It seems every child born into the world has programmed into their minds the idea that if someone does something mean or nasty to you, then you have the right, if not the responsibility, to do the same back to them. What parent has not learned that when Johnny hits his little sister and he is reprimanded for it, he will immediately say, “Well, she did it to me first.” That is, to Johnny’s mind, reason enough to hit his sister.
It is our duty as parents to teach our children that we are not always to imitate the behaviour of others in this life. The Bible does not say, “Do unto others what they have done unto you.” Rather it says, “Do unto others as you would have them do unto you.” So then, imitation is not necessarily the right or necessary thing to do to others.
In our text we have the remarkable statement of Paul to the effect that the Lord of glory humbled Himself and took onto Himself the form of humankind. He who was the Creator of everything (Colossians 1:16) entered His own creation and submitted Himself to the laws He put in place to govern His creation. Not only did He submit to the physical laws of our world, He who will some day judge all creation, allowed people to sit in judgment on Him. He allowed those to whom He gave life to become those who would take away His physical life.
Such humility is unequalled in all of recorded history. His good reputation was soiled by lies. His earthly goods consisted only of the clothes on His back. He was mocked, flogged, denied His rights before the law courts, and then crucified, the most painful form of dying then known. Finally He was laid to rest in a borrowed tomb. Could anyone be more humiliated than He was?
We know that Jesus did all of this out of love for sinners. He lived the perfect life we could not. He died the death we deserve. Then He rose the third day to prove the price for sin was fully paid. Now, for those who repent and trust in Him, there is everlasting life.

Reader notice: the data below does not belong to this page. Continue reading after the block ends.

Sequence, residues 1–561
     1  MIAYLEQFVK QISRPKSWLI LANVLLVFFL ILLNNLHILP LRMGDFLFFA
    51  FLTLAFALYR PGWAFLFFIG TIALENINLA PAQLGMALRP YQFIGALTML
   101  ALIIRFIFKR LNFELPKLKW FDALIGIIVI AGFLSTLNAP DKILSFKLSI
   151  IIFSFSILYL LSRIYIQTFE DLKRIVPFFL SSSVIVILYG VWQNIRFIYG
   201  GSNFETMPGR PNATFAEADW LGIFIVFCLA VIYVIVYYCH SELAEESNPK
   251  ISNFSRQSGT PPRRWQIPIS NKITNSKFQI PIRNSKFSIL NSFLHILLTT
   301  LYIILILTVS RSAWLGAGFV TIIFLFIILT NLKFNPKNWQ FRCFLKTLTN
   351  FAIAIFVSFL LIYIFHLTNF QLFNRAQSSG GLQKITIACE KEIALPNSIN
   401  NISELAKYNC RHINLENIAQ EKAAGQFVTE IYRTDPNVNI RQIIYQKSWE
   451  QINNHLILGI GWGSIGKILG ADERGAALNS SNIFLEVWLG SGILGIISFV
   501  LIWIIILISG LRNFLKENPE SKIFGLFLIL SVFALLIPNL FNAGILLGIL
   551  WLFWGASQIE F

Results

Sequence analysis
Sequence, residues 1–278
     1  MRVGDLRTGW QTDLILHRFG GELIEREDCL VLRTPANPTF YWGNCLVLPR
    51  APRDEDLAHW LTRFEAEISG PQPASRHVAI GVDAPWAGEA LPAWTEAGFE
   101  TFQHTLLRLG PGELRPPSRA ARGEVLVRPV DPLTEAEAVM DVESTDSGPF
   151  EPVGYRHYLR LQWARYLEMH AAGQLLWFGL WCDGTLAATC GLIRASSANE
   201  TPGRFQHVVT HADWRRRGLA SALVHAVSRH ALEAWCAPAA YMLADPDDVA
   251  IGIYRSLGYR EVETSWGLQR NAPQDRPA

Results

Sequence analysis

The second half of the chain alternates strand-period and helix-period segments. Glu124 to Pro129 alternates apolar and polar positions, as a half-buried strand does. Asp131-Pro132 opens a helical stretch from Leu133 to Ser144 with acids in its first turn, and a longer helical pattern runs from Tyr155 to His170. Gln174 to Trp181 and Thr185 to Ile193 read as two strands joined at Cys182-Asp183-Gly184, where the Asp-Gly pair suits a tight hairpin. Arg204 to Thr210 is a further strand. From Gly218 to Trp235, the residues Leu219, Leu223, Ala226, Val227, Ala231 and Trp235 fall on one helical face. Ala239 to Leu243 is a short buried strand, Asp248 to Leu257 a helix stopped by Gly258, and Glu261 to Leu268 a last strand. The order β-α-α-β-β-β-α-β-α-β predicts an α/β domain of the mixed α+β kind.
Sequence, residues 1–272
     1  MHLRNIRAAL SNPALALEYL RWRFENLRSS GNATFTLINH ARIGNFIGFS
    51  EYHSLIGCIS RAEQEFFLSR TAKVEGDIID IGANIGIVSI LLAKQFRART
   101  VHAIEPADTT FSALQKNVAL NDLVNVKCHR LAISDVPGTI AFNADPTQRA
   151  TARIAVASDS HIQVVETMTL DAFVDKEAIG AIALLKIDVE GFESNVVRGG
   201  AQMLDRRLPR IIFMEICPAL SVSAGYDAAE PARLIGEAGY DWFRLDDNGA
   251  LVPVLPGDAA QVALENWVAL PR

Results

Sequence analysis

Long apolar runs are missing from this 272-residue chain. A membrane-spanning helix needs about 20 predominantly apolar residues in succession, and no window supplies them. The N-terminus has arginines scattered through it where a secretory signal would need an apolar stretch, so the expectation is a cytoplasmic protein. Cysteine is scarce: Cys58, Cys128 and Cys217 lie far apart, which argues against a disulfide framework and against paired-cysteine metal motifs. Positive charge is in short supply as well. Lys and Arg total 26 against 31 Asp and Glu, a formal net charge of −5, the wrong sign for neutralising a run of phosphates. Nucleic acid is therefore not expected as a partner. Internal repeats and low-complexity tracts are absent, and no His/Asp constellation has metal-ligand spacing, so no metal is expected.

Paul, in our verse for today tells us to humble ourselves as Jesus did when He walked among us. Christians are people who do not demand what is rightfully theirs any more than Jesus demanded what was rightfully His. In our present society this is hard to swallow. We are taught by the world to “demand our rights”. If we do not get our rights, then sue for them.
So when Paul writes to the Philippian Christians he is telling them to look to Jesus who gave up His rights and do likewise. Do not insist on what is rightfully yours. A fortress mentality and looking after our own interests first is not the Christian way. Certainly we are to look after our own interests, but self-denial is a virtue, not an affliction. It is not always necessary to go after all that we could or should have in this life.
We can release our rights to many things as long as we are certain we still have our God.
We might lose our health in this life. If the medical community cannot assist us in recovering our good health then we should humble ourselves and accept the alternative of being chronically ill. If you are denied a partner in life while most or all of your friends have a spouse, humble yourself and accept it from God. If you cannot afford the finer things in life that your acquaintances have, humble yourself under God and accept your situation.
On it goes, you fill in the blank(s). God asks all of us to be like Jesus in humility. He calls on us to give up our “rights” in order to demonstrate our obedience to Him. We ought to always keep our eyes on Jesus as seen especially in the Gospels.
Have you “humbled” yourself? Is your life characterized by humility? It says in 1 Peter 5:5, (NIV).
“God opposes the proud but gives grace to the humble.”